In justifying the increase, the Competition Bureau argues that the fee has not increased since 2003, and had the fee been adjusted annual for inflation, it would currently be approximately $65,500. They also suggested that additional funds are required given the increase in the number of transactions considered “complex” and the considerable resources that are required to … Continue Reading

Competition Act merger filing fees likely to jump in 2018

The Canadian Competition Bureau has started the process to increase the fee that must be paid when filing a pre-merger notification or seeking an advance ruling certificate under the Competition Act.  The fee is currently $50,000, and the Bureau is seeking permission to increase the fee to up to $72,000, effective April 1, 2018.  Any change to the filing fee must be approved by the Minister of Innovation, Science and Economic Development.

Merger notification regime

Proposed transactions that exceed the merger notifications thresholds in the Competition Act cannot be completed until certain steps have been taken.  A pre-merger notification is … Continue Reading

Keeping up with the Competition Bureau: recent position statements

Under the Competition Act, RSC 1985 c. C-34, the Competition Bureau (Bureau) reviews mergers to assess whether they are likely to substantially lessen or prevent competition in one or more relevant markets. As stated in its Merger Enforcement Guidelines (Guidelines), the Bureau generally makes its determination by assessing the competitive effects of the merger in those markets where each party to the merger supplies products that are substitutes between each other (Relevant Market).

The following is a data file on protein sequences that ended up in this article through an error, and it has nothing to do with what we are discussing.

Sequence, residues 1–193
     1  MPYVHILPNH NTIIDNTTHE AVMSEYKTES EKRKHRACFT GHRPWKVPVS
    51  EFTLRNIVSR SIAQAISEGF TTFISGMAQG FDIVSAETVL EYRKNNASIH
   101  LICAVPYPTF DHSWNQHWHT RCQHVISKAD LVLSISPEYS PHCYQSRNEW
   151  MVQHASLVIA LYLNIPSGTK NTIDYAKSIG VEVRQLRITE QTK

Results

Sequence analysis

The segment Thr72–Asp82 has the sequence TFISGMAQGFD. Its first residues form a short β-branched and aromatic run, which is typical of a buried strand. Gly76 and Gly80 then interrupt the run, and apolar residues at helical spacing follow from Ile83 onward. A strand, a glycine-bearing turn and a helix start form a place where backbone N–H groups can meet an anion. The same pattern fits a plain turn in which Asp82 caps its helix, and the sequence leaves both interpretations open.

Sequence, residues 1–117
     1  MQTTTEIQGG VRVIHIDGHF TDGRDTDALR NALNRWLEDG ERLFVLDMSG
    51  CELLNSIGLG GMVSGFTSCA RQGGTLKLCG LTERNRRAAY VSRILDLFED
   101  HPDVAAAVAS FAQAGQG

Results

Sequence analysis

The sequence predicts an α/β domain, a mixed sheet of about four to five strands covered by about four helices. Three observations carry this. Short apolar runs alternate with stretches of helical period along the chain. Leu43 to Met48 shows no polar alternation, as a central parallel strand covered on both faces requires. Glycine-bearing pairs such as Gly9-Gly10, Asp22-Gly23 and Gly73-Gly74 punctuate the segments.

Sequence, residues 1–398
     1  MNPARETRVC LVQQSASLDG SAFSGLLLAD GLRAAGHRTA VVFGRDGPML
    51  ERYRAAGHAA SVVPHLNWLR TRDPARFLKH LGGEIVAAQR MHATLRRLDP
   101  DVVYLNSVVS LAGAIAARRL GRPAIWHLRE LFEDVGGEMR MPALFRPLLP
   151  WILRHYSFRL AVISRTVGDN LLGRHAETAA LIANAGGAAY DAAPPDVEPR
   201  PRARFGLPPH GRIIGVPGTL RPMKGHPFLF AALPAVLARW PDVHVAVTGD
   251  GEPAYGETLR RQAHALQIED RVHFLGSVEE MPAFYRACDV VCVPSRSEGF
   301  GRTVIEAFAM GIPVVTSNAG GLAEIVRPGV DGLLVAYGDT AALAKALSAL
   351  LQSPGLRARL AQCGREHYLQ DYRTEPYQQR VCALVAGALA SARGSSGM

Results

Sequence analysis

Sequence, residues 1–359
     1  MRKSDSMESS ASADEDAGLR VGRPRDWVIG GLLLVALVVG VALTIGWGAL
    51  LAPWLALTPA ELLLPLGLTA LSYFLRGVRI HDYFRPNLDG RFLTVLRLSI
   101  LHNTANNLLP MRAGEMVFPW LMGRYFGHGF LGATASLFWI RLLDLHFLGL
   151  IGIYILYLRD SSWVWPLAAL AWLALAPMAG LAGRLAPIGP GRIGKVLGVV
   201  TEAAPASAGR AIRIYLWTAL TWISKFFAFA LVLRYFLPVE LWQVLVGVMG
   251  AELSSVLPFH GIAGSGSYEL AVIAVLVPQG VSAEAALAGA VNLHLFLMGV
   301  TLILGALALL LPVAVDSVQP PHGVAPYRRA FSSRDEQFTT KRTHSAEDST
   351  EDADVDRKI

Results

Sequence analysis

In an effort to promote transparency around its processes and its analytical approach to merger reviews, the Bureau publishes Position StatementsContinue Reading

Cross-border lumber deal felled by Competition concerns

Tennessee-based Louisiana-Pacific Corporation (LP) recently abandoned its proposed acquisition of Canadian competitor Ainsworth Lumber Co. Ltd. (Ainsworth). The decision came several days after an announcement by U.S. Department of Justice (DOJ) and an announcement by the Canadian Competition Bureau (Bureau) that they each considered the transaction would likely substantially lessen competition of the sale of oriented strand board (OSB).  The Bureau and DOJ collaborated and shared information during the review of the proposed merger.

The Bureau, DOJ and the Federal Trade Commission have long coordinated reviews of cross-border mergers.  This … Continue Reading

Canada’s Competition Bureau requires divestitures and limits on supplier contracts in clearing Loblaw-Shoppers merger

Approximately eight months after the announcement of Loblaw Companies Limited’s proposed acquisition of Shoppers Drug Mart Corporation, the Competition Bureau (Bureau) concluded its review and reached a consent agreement with Loblaw to resolve certain concerns over the potential anti-competitive effect of the transaction.

According to the Bureau, the consent agreement will “preserve competition in the retail sale of pharmacy products and drugstore-type merchandise in Canada by requiring divestitures in 27 local markets and prohibiting Loblaw from engaging in specific conduct with suppliers.” While store divestitures are not uncommon in retail mergers, it is noteworthy the Bureau imposed … Continue Reading